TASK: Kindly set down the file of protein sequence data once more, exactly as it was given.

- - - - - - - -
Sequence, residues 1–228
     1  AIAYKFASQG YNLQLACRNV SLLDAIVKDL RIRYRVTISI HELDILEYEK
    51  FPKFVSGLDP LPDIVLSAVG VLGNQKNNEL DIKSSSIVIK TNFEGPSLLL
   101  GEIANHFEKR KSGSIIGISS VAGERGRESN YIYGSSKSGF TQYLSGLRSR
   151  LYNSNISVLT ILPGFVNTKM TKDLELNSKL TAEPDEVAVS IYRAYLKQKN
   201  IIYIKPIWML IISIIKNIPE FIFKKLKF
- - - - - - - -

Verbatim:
Sequence, residues 1–228
     1  AIAYKFASQG YNLQLACRNV SLLDAIVKDL RIRYRVTISI HELDILEYEK
    51  FPKFVSGLDP LPDIVLSAVG VLGNQKNNEL DIKSSSIVIK TNFEGPSLLL
   101  GEIANHFEKR KSGSIIGISS VAGERGRESN YIYGSSKSGF TQYLSGLRSR
   151  LYNSNISVLT ILPGFVNTKM TKDLELNSKL TAEPDEVAVS IYRAYLKQKN
   201  IIYIKPIWML IISIIKNIPE FIFKKLKF